Fast-forward to earlier this month, when Trump hastily announced he would be placing tariffs on steel and aluminum imports, a proposal deemed sacrilegious by traditional Republican orthodoxy and sure to win him few allies. One of them was Brown, who welcomed action he said could stop China from dumping steel into the U.S. market, calling it “well overdue.”

Such an alliance has incensed Republicans, even those closest to Trump, who are concerned the tariff push will undermine the benefits they hope to reap from a good economy and new tax cuts while boosting rivals they need to defeat in November. Other manufacturing-state Democrats like Bob Casey of Pennsylvania and Joe Manchin of West Virginia, applauded Trump’s move. And Democrat Conor Lamb, who is proving to be competitive in next week’s special election in a Trump district outside of Pittsburgh, also backed the proposal — even using it to outflank his opponent, Rick Saccone, who also supports tariffs…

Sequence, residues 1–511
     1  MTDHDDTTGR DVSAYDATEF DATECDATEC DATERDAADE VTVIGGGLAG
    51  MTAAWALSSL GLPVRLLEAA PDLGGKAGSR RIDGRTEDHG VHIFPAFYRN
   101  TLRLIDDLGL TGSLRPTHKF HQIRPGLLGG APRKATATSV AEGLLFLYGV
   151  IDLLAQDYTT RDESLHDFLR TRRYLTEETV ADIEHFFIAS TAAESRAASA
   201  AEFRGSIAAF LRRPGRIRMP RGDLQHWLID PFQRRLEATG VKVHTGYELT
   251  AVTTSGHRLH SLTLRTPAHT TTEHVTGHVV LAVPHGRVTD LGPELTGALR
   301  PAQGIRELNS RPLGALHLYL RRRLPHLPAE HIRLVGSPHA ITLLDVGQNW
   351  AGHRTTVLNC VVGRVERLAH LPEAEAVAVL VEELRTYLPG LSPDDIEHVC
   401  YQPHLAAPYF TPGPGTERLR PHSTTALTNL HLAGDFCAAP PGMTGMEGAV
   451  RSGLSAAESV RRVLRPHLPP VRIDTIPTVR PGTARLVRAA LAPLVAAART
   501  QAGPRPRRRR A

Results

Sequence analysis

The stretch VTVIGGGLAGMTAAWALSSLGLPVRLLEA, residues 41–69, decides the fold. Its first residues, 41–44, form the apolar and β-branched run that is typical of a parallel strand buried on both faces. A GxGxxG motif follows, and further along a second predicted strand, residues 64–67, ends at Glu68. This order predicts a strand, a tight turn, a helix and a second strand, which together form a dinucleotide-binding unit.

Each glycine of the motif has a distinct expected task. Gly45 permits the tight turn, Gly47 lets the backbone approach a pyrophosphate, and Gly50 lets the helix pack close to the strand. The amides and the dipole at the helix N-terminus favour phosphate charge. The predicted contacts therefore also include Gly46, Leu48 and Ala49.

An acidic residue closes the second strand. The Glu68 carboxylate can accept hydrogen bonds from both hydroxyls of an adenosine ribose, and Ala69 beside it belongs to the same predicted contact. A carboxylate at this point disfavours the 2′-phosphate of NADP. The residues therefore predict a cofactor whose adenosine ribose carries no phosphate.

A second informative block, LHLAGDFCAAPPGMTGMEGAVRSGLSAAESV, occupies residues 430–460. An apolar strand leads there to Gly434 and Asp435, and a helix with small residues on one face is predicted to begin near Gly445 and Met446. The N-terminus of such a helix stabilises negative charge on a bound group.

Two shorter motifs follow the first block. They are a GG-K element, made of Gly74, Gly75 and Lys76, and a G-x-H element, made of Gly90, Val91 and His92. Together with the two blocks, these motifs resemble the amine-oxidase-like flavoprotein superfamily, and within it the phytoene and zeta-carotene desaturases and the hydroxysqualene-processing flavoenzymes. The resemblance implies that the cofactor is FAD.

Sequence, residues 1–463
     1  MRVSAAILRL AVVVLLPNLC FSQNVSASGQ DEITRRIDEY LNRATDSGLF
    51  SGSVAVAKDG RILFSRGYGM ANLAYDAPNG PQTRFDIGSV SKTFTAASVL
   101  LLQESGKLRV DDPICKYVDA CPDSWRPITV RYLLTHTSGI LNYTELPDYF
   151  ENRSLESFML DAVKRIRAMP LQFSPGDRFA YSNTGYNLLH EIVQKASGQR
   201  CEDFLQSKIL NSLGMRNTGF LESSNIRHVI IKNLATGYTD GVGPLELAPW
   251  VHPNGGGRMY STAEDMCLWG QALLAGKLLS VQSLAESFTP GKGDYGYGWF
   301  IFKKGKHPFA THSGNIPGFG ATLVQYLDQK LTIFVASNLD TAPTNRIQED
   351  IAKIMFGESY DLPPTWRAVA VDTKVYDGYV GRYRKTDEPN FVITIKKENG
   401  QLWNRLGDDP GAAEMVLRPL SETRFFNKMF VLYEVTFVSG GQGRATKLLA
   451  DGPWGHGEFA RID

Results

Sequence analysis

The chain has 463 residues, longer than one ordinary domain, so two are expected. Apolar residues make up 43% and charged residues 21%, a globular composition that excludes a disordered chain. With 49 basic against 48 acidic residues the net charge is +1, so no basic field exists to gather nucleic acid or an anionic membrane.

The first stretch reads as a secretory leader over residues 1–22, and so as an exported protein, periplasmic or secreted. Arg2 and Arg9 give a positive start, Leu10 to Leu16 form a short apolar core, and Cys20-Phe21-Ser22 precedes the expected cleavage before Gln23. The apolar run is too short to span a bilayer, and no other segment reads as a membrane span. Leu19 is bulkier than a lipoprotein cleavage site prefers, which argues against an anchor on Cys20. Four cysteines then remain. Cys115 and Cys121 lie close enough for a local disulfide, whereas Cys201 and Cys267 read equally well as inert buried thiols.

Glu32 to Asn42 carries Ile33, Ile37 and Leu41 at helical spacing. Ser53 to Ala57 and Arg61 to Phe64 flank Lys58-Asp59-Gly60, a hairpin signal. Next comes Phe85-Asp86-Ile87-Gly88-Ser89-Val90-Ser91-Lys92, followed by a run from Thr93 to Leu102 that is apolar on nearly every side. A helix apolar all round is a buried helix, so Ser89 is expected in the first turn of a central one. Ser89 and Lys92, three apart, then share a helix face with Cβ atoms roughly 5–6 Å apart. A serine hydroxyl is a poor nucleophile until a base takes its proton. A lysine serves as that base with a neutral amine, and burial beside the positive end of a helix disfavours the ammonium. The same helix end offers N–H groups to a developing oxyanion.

Brown has long been a critic of free-trade agreements, opposing NAFTA since its inception when he was a congressman. He is in frequent contact with Trump’s top trade negotiator, Robert Lighthizer. And while the Democratic base demands party lawmakers defy Trump at every turn, Brown sees his stance on trade as central to his own identity. Railing against China and currency manipulation was a centerpiece of his 2012 re-election campaign, for example.